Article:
German Goldenshteyn: A Living Tradition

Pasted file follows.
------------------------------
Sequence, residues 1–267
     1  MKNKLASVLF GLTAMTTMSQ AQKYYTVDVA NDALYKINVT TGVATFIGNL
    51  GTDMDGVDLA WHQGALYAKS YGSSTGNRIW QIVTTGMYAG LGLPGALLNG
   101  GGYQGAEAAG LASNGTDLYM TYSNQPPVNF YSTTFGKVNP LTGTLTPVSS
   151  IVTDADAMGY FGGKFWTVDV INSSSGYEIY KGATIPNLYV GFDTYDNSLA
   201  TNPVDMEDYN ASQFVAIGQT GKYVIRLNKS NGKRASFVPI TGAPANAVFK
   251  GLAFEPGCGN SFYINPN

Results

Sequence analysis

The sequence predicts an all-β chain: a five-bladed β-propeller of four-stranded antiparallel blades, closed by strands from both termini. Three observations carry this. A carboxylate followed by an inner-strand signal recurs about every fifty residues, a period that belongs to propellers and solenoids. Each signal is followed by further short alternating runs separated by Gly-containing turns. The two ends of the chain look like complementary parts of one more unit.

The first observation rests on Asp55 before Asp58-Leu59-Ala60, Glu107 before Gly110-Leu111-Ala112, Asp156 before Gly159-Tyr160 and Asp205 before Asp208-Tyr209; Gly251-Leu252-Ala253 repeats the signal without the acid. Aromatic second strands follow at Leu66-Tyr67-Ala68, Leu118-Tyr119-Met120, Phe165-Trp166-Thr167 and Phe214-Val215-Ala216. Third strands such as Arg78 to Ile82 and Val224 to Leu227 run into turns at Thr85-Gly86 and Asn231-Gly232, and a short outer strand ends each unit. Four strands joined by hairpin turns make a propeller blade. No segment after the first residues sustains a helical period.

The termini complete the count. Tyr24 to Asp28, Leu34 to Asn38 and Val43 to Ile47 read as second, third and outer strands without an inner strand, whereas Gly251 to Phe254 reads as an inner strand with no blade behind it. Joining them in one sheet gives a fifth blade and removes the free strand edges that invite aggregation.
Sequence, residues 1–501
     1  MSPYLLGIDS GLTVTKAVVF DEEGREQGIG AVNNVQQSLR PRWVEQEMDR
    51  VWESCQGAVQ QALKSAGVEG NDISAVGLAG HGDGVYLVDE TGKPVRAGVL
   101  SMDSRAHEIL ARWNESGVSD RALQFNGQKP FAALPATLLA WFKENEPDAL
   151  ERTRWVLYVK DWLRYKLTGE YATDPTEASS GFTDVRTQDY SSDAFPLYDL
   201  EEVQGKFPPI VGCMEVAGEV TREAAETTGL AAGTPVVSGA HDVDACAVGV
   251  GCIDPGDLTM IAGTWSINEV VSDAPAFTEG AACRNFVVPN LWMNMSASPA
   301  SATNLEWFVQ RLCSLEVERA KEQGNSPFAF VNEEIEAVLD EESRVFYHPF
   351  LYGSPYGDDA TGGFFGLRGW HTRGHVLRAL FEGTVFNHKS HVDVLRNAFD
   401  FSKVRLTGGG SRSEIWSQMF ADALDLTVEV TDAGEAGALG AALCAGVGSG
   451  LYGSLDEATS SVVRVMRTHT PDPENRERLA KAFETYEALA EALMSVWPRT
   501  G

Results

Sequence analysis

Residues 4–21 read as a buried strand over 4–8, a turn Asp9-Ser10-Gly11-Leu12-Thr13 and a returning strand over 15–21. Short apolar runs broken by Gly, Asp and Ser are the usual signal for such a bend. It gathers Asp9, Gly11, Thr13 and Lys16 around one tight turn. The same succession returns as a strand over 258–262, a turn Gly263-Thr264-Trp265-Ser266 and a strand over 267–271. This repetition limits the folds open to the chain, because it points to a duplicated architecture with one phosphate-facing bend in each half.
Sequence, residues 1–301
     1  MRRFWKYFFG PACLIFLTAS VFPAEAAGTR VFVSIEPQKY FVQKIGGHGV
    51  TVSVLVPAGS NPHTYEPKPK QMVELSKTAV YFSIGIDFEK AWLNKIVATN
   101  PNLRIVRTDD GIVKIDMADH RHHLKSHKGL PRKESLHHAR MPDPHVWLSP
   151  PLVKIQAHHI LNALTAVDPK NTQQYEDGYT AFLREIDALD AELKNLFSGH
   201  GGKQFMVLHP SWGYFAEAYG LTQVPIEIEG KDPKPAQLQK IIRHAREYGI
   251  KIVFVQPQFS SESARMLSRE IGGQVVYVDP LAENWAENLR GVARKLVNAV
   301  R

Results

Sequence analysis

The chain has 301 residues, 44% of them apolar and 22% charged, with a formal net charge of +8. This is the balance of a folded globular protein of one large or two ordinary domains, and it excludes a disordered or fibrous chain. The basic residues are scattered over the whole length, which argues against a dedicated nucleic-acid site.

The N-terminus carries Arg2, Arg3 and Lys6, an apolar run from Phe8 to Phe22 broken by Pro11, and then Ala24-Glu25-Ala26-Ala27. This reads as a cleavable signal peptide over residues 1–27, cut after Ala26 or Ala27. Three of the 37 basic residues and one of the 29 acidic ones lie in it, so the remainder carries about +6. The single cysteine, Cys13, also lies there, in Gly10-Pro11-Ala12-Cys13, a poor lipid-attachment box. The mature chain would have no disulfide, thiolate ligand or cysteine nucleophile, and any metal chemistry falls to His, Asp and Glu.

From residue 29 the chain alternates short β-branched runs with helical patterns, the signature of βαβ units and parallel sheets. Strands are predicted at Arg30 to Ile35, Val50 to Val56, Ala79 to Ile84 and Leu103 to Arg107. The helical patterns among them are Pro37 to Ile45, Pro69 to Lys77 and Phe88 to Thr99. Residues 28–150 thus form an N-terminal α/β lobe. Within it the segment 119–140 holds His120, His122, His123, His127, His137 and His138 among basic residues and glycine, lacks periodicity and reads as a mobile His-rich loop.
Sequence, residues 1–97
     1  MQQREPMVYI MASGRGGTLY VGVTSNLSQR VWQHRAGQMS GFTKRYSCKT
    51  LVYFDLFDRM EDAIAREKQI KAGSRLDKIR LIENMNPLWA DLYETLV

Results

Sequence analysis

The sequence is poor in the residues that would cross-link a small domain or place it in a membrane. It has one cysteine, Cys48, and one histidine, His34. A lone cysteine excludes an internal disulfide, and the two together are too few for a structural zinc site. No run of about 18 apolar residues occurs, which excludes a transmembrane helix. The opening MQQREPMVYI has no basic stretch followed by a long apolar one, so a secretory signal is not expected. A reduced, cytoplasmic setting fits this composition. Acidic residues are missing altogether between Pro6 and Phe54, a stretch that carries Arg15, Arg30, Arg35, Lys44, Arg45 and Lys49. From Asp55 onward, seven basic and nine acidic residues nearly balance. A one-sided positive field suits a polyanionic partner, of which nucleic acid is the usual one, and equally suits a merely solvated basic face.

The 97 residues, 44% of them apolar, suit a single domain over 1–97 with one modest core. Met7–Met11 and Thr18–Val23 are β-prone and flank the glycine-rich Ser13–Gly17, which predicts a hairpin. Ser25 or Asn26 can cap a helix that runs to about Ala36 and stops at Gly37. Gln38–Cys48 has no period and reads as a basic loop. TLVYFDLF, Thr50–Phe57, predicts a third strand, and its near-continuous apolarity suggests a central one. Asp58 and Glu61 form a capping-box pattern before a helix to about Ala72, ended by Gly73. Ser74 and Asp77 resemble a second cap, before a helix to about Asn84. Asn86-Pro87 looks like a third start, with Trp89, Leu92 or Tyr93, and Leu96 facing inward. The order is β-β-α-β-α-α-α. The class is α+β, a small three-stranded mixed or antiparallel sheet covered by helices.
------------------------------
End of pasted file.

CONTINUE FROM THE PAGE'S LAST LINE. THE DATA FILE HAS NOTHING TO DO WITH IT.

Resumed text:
Just two weeks before this CD was to be officially released, German Goldenshteyn died unexpectedly of a heart attack at the age of 71. In the interim, the recording has garnered much critical and popular acclaim around the world. Ladies and gentlemen, this CD is the product of the sheer joy, enthusiasm, and fun that can only come from cutting short lunches and dinners for four intense days, and sneaking into a hotel room with some of the world's greatest klezmorim to just sit, roll tape, and play. And I mean "play" in every ear-to-ear-grinning, schoolyard-giddy sense of the word. Yes, it was at the 21st annual KlezKamp festival in the Catskills that eight brave souls volunteered their precious time to pay homage to a true living master - klezmer clarinetist German Abramovich Goldenshteyn. Scheduling recording sessions around our teaching duties (read: in lieu of meals) we commandeered a room closed for repairs and set up our makeshift recording studio (so makeshift, in fact, that when Cookie's violin needed more isolation - we moved her into the bathroom!) Just listen to Hank's banjo act as a snare drum to Aaron's poyk, or how Susan's trumpet trades licks with Cookie's fiddle and Josh's accordion. No. Listen to the moment in "Tserenkutsa" (Track 16) when Rubinchik's tuba stinger catches German off-guard and triggers his helpless laughter. (What's really great is that, after some vodka and lunch at German's place in Sheepshead Bay, I played him the rough mix and he laughed at exactly the same point, in exactly the same way. "Oh, that Marik," he said as he giggled and shook his index finger.) By no means shall I attempt to provide a full biography of the guest of honor, but for the uninitiated, German Goldenshteyn brings with him a repertoire and a performance style missing in American klezmer music. Born in 1934, he lost his parents in the Holocaust and after the war, he and his siblings entered an orphanage in Odessa. As a young man, German successfully auditioned for the army band school, after which, he spent 10 years playing in military orchestras and completing his service. German later studied at a technical institute in Kiev, earning an engineering degree, and became a machinist in the town of Mohyliv-Podilskyi in Moldavia. It was there that he met some older musicians at a Jewish wedding, and had another life-changing audition: the clarinetist of the wedding band handed him his horn and commanded, 'play.' As a result, from the mid 1950's until he came to the United States in 1994, German played thousands of simchas. He learned melodies quickly, but found he could not retain too many simultaneously. So, every time he learned a new song, he would write it down so as not to forget it. Over time, German managed 'not to forget' more than 800 melodies, most of which have never been heard on this side of the pond. The 20 songs we present here make up one-fortieth (!) of German's repertoire, all of which will be published in new editions as part of our ongoing documentation of German's unique catalog of music. On the topic of the recording, I have a few remarks. Though two clarinetists are credited, almost all of the time you are listening exclusively to German. What you are hearing is live in the purest sense: no rehearsing, no arranging, no overdubbing, and, at most, two or three takes on any tune (to be fair, an "arrangement," as well as a chord progression, would materialize by the second take). German's breathtaking phrasing, time placement, improvisations and variations in navigating the melody, remind me of the great clarinetist Sid Beckerman, with whom I also had the great privilege of studying at KlezKamp, and who also received most of his training on the bandstand. In fact, Sid's great recording 'Klezmer Plus!' was recorded very much the same way we did ours. We hope this recording will bring you some of the joy that playing German's music has brought us; and that it will bring German some of the recognition he deserves. -Alex Kontorovich I have great admiration and respect for Aaron Alexander, Josh Horowitz, Alex Kontorovitch, Mark Rubin, Henry Sapoznik, Cookie Segelstein, and Susan Watts and cannot thank them enough for their beautiful playing and hard work on this project. None of this would have been possible without the generous support of KlezKamp, Living Traditions, and Henry's hard work in both organizations. I must thank Jeff ("King Django") Baker for the wonderful job in recording us, and Alex for his tireless efforts in producing this album. An enormous amount of thanks is due to my good friend Michael Alpert, who was instrumental in my becoming known in this musical community. He took me and my repertoire to many festivals and concerts, from KlezKanada and the New England Conservatory to places like Toronto, Poland, and of course, all over the New York area. Lastly, I wish to thank my loving wife, Mina, for granting me permission to attend KlezKamp. -German Goldenshteyn (Translated from the Russian by Alex Kontorovich) Credits: Produced by Alex Kontorovich Recorded at KlezKamp 21, December 25-29, 2005 at the Hudson Valley Resort and Spa, Kerhonkson, New York German Goldenshteyn: clarinet Aaron Alexander: poyk Josh Horowitz: accordion Alex Kontorovich: clarinet Mark 'Rubinchik' Rubin: tuba Henry 'Hank' Sapoznik: tenor banjo Cookie Segelstein: fiddle Susan Watts: trumpet.